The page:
By Rohit C.
Real-life leaders have always fascinated us, such as the “Father of a Nation” - Mahatma Gandhi, “I have a dream”- Martin Luther King Jr, “Hero of South Africa”- Nelson Mandela, “The Greatest Statesman” - Winston Churchill, to name a few.
As legendary American football coach Vince Lombardi once said, “Leaders aren’t born, they are made. And they are made just like anything else, through hard work.” What sets them apart is their character, creativity, competence, and charisma to be great leaders.
Leading by Example
The foremost quality of a leader is that they practice what they preach. They lead others by doing all of the things they advise others to do. The shining example in human history is of Mahatma Gandhi, who led the largest democracy of the world, India, to its freedom from British rule. Gandhi was the epitome of simplicity; his simple life attracted millions of Indians irrespective of their status and beliefs to join hands to fight for a common goal. He led a life of a poor Indian, dressing with bare minimum clothes with no material possessions, setting an example for people to live a simple and meaningful life.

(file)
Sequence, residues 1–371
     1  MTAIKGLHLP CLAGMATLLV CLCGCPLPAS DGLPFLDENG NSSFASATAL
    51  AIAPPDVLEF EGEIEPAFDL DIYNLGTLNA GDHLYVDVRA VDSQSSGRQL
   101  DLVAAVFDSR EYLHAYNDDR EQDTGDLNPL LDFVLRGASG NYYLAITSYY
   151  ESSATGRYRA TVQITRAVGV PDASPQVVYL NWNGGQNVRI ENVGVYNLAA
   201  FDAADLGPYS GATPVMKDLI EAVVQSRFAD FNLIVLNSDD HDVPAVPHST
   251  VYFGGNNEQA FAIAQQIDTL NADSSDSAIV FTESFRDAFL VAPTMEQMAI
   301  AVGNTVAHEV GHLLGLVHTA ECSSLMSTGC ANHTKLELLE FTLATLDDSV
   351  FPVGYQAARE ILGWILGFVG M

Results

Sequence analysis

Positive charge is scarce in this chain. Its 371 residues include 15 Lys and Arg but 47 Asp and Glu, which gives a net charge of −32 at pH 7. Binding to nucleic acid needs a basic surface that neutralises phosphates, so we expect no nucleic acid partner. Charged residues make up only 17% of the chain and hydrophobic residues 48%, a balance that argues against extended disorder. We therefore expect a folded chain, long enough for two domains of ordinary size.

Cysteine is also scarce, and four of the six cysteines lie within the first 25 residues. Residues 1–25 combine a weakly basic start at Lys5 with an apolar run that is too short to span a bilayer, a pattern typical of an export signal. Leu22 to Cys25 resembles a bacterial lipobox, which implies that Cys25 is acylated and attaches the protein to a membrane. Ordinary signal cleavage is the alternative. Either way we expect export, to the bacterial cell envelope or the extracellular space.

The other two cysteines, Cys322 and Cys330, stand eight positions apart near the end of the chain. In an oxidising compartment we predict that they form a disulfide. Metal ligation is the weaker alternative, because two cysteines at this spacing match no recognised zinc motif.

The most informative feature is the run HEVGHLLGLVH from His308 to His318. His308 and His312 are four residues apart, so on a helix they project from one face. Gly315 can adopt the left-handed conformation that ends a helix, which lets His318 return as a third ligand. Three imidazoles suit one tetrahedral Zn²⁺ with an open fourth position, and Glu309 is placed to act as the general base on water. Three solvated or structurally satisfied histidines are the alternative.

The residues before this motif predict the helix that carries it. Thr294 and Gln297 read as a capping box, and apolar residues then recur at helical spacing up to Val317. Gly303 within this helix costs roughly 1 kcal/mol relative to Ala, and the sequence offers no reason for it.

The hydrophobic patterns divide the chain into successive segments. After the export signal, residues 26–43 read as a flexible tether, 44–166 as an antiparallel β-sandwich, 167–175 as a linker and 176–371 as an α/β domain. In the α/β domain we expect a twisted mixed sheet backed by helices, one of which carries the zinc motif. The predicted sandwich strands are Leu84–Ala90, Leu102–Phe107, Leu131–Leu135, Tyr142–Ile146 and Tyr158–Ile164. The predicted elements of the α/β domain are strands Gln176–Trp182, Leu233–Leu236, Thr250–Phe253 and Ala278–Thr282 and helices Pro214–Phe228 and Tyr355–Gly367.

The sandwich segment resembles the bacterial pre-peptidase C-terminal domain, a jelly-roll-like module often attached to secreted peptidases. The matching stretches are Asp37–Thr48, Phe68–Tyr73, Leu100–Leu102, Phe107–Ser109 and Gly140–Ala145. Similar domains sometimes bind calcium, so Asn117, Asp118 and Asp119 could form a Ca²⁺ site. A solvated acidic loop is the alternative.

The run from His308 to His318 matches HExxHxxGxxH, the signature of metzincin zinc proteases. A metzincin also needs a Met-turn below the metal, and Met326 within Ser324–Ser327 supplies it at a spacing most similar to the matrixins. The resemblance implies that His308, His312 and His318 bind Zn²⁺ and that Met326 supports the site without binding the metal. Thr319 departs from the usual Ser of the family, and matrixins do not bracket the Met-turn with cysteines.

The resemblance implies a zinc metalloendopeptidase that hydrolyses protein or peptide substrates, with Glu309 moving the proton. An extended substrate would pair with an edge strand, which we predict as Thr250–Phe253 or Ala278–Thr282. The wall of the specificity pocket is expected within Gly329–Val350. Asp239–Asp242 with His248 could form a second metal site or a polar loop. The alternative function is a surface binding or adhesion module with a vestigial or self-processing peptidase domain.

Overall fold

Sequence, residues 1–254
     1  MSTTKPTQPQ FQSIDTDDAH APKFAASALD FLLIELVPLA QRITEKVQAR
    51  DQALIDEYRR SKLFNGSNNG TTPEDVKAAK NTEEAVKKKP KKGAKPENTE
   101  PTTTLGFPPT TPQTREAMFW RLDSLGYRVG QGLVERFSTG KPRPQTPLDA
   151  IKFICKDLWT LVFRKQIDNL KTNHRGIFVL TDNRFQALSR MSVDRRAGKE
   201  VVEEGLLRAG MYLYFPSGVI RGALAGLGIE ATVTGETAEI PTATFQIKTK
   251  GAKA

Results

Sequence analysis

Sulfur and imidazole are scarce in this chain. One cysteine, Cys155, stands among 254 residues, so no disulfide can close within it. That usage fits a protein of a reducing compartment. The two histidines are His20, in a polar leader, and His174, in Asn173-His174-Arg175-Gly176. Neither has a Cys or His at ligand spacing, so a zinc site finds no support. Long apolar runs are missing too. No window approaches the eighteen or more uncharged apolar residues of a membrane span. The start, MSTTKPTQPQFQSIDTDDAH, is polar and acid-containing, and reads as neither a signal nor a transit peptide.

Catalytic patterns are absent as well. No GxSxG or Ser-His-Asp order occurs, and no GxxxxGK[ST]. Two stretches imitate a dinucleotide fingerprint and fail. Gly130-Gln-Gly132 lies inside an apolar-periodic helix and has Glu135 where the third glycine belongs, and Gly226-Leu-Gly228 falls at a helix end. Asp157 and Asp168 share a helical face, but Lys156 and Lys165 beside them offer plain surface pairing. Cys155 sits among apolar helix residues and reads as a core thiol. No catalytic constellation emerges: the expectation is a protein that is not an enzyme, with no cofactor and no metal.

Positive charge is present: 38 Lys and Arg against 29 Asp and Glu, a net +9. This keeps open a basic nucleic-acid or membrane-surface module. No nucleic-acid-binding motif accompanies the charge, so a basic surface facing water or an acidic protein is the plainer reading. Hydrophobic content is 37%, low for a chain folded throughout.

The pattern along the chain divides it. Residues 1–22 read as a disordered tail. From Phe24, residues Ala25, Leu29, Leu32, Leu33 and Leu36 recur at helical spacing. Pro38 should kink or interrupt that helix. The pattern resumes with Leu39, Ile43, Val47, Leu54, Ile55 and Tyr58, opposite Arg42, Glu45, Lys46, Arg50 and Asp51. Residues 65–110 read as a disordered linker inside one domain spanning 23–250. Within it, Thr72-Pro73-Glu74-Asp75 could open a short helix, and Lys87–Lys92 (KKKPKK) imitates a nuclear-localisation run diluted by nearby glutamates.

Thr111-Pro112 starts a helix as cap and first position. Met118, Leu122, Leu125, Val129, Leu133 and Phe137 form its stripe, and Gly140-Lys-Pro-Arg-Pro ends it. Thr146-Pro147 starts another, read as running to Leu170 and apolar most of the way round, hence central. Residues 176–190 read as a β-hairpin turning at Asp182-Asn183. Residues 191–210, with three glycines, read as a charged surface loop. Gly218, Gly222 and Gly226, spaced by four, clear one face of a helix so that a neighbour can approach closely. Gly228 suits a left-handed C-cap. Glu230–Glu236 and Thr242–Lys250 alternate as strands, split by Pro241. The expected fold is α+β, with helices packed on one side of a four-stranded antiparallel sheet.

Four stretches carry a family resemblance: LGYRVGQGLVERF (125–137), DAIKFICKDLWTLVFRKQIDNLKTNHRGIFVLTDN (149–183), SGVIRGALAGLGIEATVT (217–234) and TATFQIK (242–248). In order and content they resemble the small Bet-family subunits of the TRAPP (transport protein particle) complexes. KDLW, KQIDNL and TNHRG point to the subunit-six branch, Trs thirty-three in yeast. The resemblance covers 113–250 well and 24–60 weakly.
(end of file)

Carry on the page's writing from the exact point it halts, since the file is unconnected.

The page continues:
Empathy towards others builds a culture of trust and makes people feel comfortable. They are willing to share their concerns without fear. All it needs is an ability to listen attentively to those around and by doing this, leaders have a greater awareness of the people. “Nobody cares how much you know until they know how much you care.” – Theodore Roosevelt
Respect for others comes from self-respect. If we have a feeling of pride and confidence in ourselves, it becomes our nature to respect others. Treating others with care and compassion is the only honest way to gain the respect of people around us. “I don’t care if you’re black, white, short, tall, skinny, rich, or poor. If you respect me, I’ll respect you.” – Adele
A true leader believes in the power of love and not muscle power. They can use their great influence to push people to take the path of violence and hatred as a means of achieving their goals. History shows us many examples of leaders who thought it was right to force people to take up violence and the subsequent fatal results of their actions.
Leaders like Nelson Mandela advocated peace over violence and are a source of great inspiration for many in the world and South Africa. As a great leader, his actions and belief in non-violence transformed a country by breaking the shackles of apartheid to attain freedom for all based on principles of democracy. Black people rallied behind Mandela as he gave a message of peace and that the way forward was a path of reconciliation and acceptance between white and black communities. It shows the true strength of a leader that they can convince people to follow a path of justice with their hearts and their honest actions.
Be the Change you Want to See